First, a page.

June 7, 2012
ATLANTA - DNA sequencing and testing, nanotechnology-based medical therapies, autonomous vehicles, renewable energies, and asteroid mining were just some of the areas of technological development covered in the Law & Emerging Technologies seminar, which was offered at Georgia State University College of Law for the first time during the Spring 2012 semester and taught by Professor Yaniv Heled.
Despite providing a fascinating context for the class, it was not the cutting-edge technologies themselves that were the true focus of the seminar. Rather it was the disruption such technologies bring with them and their effect on the law and legal practice.
"This challenging course required students to embrace abstract ideas in emerging technologies, and then draw the legal connections to issues presented by such developments," said Lee Morin, 3L, who took the course.
Yuri Eliezer, 3L, added, "Professor Heled ingeniously combined philosophy, technology, and his impressive network to not only reach the thinking minds of the new generation, but to give those minds new perspectives on topics they will likely be pioneering as lawyers."
"The purpose of the seminar is to provide students with an understanding of ways in which new technology changes and shapes the legal profession and with the skills useful in dealing with these changes in their future practice," said Heled. "Introducing the students to novel technologies is fun, but the real benefit for the students from this course is the development of the ability to hit the ground running when encountering new technologies in their practice."
And hitting the ground running was just what the students were required to do: encountering a new, unknown, and wholly different type of technology almost every week and submitting written comments on legal aspects of these technologies. In addition, students were required to write a final paper analyzing legal questions raised by a novel technology.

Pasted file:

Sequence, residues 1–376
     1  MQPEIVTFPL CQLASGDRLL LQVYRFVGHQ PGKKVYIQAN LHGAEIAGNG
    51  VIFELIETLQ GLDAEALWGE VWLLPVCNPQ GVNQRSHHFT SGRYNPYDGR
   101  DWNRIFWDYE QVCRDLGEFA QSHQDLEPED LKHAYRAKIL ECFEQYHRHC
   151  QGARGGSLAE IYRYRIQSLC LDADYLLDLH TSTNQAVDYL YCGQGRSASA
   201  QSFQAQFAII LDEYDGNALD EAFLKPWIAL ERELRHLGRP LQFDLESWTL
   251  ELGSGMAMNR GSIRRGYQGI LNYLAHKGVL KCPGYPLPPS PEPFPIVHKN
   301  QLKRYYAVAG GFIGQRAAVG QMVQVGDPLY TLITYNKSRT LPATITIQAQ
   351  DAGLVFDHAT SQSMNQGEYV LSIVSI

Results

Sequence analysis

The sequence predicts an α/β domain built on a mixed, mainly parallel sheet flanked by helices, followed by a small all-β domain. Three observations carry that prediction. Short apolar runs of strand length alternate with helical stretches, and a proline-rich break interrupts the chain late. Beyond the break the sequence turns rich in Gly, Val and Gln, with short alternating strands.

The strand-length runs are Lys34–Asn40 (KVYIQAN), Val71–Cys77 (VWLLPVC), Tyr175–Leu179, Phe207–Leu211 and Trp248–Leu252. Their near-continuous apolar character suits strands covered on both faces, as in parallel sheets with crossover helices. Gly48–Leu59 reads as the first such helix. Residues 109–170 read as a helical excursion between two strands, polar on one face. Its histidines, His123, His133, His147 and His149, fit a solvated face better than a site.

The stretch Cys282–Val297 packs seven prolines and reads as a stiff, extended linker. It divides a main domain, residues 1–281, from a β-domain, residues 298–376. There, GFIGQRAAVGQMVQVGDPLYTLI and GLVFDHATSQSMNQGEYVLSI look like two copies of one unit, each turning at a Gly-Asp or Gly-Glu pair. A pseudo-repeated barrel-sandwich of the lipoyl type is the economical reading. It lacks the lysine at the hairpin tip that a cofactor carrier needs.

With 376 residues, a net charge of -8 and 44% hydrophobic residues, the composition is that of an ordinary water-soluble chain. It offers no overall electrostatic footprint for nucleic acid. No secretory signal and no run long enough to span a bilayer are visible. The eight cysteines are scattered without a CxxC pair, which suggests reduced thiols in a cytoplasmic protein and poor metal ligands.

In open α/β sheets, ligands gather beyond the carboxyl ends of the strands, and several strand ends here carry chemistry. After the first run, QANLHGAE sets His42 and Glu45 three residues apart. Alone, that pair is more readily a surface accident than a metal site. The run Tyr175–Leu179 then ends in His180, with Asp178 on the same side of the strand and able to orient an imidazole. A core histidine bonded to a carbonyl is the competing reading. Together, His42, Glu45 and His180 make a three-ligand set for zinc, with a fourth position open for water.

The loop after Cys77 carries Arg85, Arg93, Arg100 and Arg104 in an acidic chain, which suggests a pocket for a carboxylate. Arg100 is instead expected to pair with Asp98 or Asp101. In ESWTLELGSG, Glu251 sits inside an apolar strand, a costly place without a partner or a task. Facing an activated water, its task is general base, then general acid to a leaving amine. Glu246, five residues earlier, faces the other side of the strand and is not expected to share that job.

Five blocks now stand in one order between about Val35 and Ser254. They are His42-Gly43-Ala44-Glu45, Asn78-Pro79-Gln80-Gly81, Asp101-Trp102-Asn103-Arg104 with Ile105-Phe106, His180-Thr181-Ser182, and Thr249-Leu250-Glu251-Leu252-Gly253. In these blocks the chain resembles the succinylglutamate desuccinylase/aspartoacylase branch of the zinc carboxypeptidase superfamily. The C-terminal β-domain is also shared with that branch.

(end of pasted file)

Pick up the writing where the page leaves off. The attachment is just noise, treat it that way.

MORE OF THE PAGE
Students benefitted from an impressive list of speakers from different settings and specializing in different technologies. The seminar hosted Louis Sorell, a patent counsel at Google, Inc.; Dr. Merrick Furst, the Founder and Director of Georgia Tech’s startup accelerator program, Flashpoint; Scott Marty, JD ’04, an attorney at Ballard Spahr LLP representing the University of Utah in Ass’n for Molecular Pathology v. USPTO (commonly known as the Myriad case); Professor Christopher Holman from the University of Missouri - Kansas City who spoke with the students about gene patenting; Dr. John Bradford of SpaceWorks Enterprises, Inc., a space technology company; and Dr. Mark Allen from the Institute for Electronics and Nanotechnology at Georgia Tech, who spoke with the students about technology transfer and nanotechnology.
"Guest speakers were carefully selected to give us different perspectives on emerging technology, business, and law," said Maki DePalo, another 3L who participated in this course.
"Technologies come and go," observed Heled. "The ability to address them thoughtfully, reflect on their legal implications, and in some cases even incorporate them into legal practice is vital today, and hopefully these skills will stay with the students throughout their years in practice."
"Through this course, Professor Heled helped us open up our eyes to different possibilities, opportunities, and challenges by exploring how emerging technology changes our lives," said DePalo. "This course should be taken by not only law students, but all students who have interest in how technology will impact their lives in this coming century," confirmed Eliezer. "I truly found this course fascinating."
Stacie P. Kershner, JD
Associate Director, Center for Law, Health & Society